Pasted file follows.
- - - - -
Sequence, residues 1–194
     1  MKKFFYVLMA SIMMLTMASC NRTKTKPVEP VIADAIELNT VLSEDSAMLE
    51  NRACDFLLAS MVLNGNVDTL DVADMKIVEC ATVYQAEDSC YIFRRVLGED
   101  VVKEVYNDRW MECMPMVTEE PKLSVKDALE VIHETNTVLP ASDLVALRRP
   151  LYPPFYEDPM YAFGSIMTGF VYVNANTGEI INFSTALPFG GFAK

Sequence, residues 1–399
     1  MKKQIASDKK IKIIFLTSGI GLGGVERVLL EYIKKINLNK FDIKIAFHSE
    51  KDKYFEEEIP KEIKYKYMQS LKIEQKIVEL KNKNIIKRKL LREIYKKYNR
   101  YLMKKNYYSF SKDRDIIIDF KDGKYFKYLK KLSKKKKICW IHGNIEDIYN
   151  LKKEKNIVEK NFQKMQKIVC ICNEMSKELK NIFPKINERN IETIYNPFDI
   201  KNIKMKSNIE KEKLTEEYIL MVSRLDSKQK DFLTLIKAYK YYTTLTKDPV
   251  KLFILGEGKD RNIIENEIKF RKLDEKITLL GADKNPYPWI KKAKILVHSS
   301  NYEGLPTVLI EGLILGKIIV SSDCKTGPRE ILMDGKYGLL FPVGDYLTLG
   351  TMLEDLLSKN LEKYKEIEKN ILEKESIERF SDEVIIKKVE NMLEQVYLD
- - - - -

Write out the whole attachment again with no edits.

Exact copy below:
Sequence, residues 1–194
     1  MKKFFYVLMA SIMMLTMASC NRTKTKPVEP VIADAIELNT VLSEDSAMLE
    51  NRACDFLLAS MVLNGNVDTL DVADMKIVEC ATVYQAEDSC YIFRRVLGED
   101  VVKEVYNDRW MECMPMVTEE PKLSVKDALE VIHETNTVLP ASDLVALRRP
   151  LYPPFYEDPM YAFGSIMTGF VYVNANTGEI INFSTALPFG GFAK

Sequence, residues 1–399
     1  MKKQIASDKK IKIIFLTSGI GLGGVERVLL EYIKKINLNK FDIKIAFHSE
    51  KDKYFEEEIP KEIKYKYMQS LKIEQKIVEL KNKNIIKRKL LREIYKKYNR
   101  YLMKKNYYSF SKDRDIIIDF KDGKYFKYLK KLSKKKKICW IHGNIEDIYN
   151  LKKEKNIVEK NFQKMQKIVC ICNEMSKELK NIFPKINERN IETIYNPFDI
   201  KNIKMKSNIE KEKLTEEYIL MVSRLDSKQK DFLTLIKAYK YYTTLTKDPV
   251  KLFILGEGKD RNIIENEIKF RKLDEKITLL GADKNPYPWI KKAKILVHSS
   301  NYEGLPTVLI EGLILGKIIV SSDCKTGPRE ILMDGKYGLL FPVGDYLTLG
   351  TMLEDLLSKN LEKYKEIEKN ILEKESIERF SDEVIIKKVE NMLEQVYLD